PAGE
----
Before PiS and the right wing have embarked in Poland on a large-scale anti-immigrant propaganda project, more than a half of all Poles had been understanding of helping migrants fleeing wars. After all, what other nation in the world could better understand what war means for a person than the Polish nation?
The Swedish think tank Timbro has presented its “Authoritarian Populism Index”. The index “aims to shed light on whether populism poses a long-term threat to European liberal democracies” (it includes the EU countries as well as Iceland, Norway, Switzerland, Serbia, and Montenegro)
April 20, 2016, marked the beginning of a brand new chapter in the history of the Hungarian radical right-wing party, Jobbik. The party’s leader, Gábor Vona, declared emblematic party leaders Előd Novák, István Szávay, and István Apáti shall not run for the office of the party’s vice president.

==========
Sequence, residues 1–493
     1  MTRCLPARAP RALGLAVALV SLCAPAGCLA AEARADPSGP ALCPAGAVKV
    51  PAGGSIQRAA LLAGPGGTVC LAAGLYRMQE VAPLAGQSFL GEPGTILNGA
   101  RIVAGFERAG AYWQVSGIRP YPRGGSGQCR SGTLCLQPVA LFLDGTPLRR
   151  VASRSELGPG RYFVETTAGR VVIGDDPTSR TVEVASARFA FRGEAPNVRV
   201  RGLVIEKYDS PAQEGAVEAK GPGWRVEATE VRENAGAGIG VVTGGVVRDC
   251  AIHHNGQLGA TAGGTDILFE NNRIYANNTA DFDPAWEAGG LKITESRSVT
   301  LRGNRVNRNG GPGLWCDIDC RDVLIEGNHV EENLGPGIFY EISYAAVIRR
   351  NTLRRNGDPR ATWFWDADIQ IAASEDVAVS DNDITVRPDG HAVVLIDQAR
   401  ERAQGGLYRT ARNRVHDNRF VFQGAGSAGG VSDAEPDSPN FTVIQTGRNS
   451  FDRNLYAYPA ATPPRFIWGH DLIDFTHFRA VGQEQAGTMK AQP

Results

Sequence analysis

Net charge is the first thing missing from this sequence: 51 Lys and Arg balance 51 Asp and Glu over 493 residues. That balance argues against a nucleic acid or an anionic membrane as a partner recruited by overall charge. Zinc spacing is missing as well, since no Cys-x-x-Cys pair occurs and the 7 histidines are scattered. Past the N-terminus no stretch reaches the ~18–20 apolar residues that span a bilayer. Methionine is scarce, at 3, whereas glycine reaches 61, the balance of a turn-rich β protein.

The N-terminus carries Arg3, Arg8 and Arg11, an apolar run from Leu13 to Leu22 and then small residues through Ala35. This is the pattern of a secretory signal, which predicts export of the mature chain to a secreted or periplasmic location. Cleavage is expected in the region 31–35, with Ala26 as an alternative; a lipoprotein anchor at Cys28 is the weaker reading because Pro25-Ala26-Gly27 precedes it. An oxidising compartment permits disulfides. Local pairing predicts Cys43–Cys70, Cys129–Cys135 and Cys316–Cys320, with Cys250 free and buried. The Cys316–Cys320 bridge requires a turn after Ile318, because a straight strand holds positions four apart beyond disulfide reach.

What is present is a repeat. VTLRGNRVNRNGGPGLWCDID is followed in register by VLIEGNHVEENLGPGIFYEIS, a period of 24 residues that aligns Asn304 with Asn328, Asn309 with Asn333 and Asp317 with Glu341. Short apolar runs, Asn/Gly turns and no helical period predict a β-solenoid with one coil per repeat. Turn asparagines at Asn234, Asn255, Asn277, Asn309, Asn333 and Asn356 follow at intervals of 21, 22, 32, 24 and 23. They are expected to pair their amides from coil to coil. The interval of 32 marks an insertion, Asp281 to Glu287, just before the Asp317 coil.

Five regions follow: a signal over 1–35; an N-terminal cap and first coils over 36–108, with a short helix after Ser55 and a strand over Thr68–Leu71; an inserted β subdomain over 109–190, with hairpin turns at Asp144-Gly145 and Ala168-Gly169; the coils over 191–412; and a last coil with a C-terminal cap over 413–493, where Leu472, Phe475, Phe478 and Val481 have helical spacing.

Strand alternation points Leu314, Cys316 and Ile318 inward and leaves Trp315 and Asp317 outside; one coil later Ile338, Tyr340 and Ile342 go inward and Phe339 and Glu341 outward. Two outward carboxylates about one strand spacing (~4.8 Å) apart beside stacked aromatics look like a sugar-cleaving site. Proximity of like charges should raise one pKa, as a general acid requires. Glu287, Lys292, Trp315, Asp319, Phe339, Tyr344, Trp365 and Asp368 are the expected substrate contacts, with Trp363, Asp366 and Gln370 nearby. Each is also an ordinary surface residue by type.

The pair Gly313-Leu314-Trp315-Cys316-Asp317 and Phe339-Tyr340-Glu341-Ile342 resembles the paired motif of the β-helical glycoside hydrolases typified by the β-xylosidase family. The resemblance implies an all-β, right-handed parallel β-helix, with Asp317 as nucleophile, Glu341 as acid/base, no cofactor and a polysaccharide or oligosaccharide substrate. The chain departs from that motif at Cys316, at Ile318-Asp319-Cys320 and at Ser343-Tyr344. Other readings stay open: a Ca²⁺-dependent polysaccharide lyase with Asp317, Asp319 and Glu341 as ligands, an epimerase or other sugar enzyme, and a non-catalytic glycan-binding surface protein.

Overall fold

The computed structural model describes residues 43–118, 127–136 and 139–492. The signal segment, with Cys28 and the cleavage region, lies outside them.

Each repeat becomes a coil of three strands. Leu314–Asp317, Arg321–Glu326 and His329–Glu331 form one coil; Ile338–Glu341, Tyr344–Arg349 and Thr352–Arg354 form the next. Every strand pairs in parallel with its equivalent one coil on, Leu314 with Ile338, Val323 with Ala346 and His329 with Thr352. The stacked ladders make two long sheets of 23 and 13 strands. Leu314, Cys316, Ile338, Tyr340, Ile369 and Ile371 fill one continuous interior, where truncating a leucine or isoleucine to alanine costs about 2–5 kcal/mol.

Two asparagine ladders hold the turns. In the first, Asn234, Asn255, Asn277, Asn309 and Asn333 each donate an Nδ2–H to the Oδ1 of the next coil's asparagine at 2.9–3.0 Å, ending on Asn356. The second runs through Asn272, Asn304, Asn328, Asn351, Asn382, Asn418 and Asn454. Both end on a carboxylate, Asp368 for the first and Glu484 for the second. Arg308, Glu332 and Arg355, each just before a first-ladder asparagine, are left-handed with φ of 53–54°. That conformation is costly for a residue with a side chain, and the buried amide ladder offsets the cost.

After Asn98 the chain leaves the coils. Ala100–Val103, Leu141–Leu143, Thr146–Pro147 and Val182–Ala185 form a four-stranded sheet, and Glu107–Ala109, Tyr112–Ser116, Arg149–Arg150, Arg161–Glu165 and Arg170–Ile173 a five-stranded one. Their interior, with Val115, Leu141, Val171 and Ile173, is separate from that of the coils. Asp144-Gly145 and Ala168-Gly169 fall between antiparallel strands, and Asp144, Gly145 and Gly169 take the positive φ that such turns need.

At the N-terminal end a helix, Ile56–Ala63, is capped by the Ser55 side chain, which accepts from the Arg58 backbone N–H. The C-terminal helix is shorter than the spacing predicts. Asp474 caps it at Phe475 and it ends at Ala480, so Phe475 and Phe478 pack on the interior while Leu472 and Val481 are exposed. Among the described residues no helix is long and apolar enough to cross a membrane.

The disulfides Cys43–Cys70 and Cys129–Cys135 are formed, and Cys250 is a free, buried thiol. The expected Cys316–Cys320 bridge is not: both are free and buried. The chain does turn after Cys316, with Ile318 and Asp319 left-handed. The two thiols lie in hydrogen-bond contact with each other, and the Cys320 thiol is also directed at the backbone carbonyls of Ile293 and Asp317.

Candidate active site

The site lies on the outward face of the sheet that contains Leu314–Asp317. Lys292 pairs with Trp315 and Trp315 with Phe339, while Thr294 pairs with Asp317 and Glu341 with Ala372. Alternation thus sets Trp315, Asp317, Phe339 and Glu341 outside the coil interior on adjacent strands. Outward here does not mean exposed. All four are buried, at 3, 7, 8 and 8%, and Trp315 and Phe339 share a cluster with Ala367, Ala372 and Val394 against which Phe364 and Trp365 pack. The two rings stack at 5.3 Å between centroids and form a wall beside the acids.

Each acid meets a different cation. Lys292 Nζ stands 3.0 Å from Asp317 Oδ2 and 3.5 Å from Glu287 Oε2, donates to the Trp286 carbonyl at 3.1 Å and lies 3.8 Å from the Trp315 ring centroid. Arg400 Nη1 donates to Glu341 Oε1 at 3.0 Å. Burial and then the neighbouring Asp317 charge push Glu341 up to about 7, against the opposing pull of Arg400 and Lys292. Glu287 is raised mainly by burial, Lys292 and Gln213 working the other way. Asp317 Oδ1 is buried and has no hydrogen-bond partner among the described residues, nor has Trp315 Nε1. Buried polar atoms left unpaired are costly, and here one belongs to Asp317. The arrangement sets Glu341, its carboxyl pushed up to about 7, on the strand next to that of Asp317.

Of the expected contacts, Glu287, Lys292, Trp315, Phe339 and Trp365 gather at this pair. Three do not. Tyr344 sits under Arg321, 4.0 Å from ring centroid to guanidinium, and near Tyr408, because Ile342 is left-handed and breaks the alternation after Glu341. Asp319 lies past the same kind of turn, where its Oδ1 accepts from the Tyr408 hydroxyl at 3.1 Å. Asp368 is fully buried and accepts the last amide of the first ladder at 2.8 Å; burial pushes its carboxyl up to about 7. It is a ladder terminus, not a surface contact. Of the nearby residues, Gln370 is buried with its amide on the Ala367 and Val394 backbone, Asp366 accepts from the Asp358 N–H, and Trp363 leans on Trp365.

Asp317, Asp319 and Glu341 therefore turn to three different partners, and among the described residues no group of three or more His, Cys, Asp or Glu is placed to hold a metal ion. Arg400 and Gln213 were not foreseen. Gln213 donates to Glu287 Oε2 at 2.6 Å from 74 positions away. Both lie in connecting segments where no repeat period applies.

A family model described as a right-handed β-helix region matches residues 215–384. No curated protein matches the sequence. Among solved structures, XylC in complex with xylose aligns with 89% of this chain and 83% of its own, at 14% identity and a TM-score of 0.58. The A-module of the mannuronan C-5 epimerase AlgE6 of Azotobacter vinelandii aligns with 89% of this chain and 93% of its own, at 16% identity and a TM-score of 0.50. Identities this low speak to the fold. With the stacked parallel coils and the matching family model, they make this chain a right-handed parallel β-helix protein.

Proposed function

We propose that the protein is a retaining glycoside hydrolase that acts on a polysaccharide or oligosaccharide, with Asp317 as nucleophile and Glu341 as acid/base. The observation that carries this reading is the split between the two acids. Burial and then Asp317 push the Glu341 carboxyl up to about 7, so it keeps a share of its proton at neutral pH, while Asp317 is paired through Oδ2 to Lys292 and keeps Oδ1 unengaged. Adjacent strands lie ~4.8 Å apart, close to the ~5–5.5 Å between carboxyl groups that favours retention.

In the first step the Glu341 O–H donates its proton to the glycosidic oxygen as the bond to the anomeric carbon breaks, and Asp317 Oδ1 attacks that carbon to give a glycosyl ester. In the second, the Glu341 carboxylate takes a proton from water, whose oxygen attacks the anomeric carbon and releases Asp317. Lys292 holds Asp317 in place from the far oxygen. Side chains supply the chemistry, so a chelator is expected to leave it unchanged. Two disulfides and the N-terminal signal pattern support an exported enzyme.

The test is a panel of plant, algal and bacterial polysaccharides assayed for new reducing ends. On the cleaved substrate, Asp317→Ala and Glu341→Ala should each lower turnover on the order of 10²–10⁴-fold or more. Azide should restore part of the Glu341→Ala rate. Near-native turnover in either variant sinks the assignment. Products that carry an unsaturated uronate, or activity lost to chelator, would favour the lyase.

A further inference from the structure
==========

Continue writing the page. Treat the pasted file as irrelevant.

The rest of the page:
Much has been written on the reasons for the rise and fall or right-wing populist parties in Western Europe, as the French Front National (FN) or the United Kingdom Independence Party (UKIP). However, most of these commentaries are not based on empirical research. The presented overview highlights the seven factors which comparative research defines as decisive for the electoral fortunes of right-wing populist parties in Western Europe.